hockey puck

From the Bloomberg site on 4/6/17, a death notice: “Don Rickles, Comedian Who Turned Insults Into Art, Dies at 90”, by Laurence Arnold, which notes:

“The Random House Historical Dictionary of American Slang credits Rickles, circa 1963, with repurposing ‘hockey puck’ to mean ‘a stupid or useless person.’”

There’s some question about when Rickles first used the insult to address someone, but no one seems to have asked

🏒Why hockey puck?🏒

What the puck? Puck is an obvious, and fairly often used, avoidance for fuck. Meanwhilethe noun fuck is often used in the sense ‘a despicable person, usually a man’ (Sheidlower’s The F Word, 3rd. ed.), very frequently in the vocative insult you fuck. Also in dumbfuck / dumb-fuck / dumb fuck, conveying ‘a contemptibly stupid person’ (Sheidlower). And raw ghits are almost as high for you stupid fuck as for you dumb fuck. All of these fucksults can be avoided by substituting puck, but then the speaker’s intentions would be transparent.

You can, however, achieve deniability by folding puck into the fixed expression hockey puck, which is apparently innocent of any associations beyond the violence of ice hockey (or was, until Rickles started using it as an insult).

The hockey puck insult. Ben Zimmer on ADS-L about HDAS:

HDAS has as its first cite a line by Rickles (“You hockey puck!”) from “The Dick Van Dyke Show.” I see Rickles guest-starred in two back-to-back episodes in 1964: “4 1/2” (Nov. 4) and “The Alan Brady Show Goes to Jail” (Nov. 11).

Ben gave links to stream the two episodes on-line, here and here, but he didn’t find hockey puck.

Meanwhile, with no firmer evidence, Wikipedia takes the insult back a decade (and some obits did so as well. In context:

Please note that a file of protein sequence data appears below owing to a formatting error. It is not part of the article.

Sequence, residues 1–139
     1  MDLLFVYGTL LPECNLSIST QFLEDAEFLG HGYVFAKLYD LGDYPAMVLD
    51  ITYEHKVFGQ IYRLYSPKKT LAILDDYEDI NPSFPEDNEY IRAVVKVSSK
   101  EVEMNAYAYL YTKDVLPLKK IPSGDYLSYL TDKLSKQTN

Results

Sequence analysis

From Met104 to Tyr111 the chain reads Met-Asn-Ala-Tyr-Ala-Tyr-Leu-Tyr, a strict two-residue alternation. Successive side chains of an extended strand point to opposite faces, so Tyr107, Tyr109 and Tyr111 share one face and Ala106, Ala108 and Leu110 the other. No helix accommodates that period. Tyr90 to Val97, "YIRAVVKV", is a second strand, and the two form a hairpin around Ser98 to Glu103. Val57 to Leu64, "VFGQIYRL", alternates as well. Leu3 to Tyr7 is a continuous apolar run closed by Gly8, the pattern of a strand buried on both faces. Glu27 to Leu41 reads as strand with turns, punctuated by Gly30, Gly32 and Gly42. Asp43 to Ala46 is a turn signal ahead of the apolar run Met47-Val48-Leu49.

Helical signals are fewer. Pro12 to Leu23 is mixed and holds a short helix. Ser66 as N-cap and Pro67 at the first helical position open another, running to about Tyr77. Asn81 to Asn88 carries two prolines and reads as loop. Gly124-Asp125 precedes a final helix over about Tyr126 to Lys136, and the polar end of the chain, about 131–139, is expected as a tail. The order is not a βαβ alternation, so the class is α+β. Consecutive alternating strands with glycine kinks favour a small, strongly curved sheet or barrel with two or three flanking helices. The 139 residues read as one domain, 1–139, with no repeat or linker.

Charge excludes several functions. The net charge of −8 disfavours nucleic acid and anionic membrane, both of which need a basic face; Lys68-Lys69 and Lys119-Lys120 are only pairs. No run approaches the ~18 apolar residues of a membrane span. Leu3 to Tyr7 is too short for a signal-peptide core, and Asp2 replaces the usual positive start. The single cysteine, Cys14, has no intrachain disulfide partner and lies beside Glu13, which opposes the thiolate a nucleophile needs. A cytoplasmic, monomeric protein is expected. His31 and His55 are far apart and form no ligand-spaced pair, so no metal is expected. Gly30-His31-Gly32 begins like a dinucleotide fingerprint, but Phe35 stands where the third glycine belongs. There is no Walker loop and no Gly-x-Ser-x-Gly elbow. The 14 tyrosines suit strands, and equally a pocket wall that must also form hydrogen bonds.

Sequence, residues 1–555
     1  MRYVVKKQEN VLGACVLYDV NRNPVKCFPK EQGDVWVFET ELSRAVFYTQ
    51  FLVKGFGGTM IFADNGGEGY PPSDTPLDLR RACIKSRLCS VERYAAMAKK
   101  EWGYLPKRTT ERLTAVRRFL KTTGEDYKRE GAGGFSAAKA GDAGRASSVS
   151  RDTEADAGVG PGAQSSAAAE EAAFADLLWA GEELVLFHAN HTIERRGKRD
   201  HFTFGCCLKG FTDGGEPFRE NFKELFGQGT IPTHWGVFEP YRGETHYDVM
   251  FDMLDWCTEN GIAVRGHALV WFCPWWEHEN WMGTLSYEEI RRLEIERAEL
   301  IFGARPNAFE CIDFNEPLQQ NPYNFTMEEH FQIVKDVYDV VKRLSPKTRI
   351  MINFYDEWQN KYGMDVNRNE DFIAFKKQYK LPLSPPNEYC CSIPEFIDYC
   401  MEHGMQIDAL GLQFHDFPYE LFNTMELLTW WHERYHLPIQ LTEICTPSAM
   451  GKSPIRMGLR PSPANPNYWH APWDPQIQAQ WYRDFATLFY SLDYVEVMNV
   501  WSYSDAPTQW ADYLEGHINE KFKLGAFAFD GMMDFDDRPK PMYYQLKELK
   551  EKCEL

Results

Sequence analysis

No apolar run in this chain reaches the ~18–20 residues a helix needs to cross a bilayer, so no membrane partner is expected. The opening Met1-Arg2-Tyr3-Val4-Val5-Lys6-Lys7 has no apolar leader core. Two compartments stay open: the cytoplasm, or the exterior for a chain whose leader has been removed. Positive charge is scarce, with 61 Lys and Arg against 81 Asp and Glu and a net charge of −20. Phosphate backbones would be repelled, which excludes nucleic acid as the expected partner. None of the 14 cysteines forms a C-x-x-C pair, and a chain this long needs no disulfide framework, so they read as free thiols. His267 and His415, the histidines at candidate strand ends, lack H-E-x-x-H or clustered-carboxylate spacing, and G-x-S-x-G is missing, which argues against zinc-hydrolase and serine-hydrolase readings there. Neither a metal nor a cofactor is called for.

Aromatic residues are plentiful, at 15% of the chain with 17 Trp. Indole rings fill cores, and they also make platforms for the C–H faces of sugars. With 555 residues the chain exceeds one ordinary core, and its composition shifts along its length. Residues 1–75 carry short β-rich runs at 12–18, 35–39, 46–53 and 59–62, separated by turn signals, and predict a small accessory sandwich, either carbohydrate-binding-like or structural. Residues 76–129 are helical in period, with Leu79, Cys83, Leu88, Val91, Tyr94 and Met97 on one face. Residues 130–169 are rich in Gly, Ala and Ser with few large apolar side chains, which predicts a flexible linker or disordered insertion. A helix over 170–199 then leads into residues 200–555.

Donald Jay “Don” Rickles (May 8, 1926 – April 6, 2017) was an American stand-up comedian and actor. Although he became well known as an insult comic, his pudgy, balding appearance and pugnacious style led to few leading roles in film or television; his prominent film roles included Run Silent, Run Deep (1958) and Kelly’s Heroes (1970), and beginning in 1976 he enjoyed a two-year run starring in the sitcom C.P.O. Sharkey.

He received widespread exposure as a popular guest on numerous talk shows, including The Tonight Show starring Johnny Carson and Late Show with David Letterman, and later voiced Mr. Potato Head in the Toy Story films.

… When he began his career in the early 1950s, he started calling ill-mannered members of the audience “hockey pucks” [also “dummies”]. His style was similar to that of an older insult comic, Jack E. Leonard, though Rickles denied Leonard influenced his style. During an interview on Larry King Live, Rickles credited Milton Berle’s comedy style for inspiring him to enter show business.

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More about the man and his act, from the Bloomberg site:

The man who called people “you hockey puck” studied drama with the likes of Jason Robards and Anne Bancroft in the 1940s in hopes of breaking onto the Broadway stage. He found some success on television, starring for three seasons in “CPO Sharkey,” and in movies including “Casino,” but his quest for dramatic roles went largely unfulfilled.

Instead, he became America’s premier putdown artist, a comic whose prime material was the audience in front of him: people of various ethnicities, religions, sizes, ages. He stabbed without drawing blood, shocking audiences without using the language that got Lenny Bruce, a contemporary, into legal trouble. Radio host Howard Stern is among the modern-day no-holds-barred performers who cite Rickles as a major influence.

“What I do is exaggerate, that’s all I do,” Rickles said in a 2007 interview with Charlie Rose. “I have a knack — I don’t know how — but I have a knack of making fun of somebody and exaggerating without hurting them, and doing it in such a way that they said, ‘Oh, that was great.”’

National Public Radio re-ran interviews with Rickles on the 7th; you can read the text here, or listen to the programs here.

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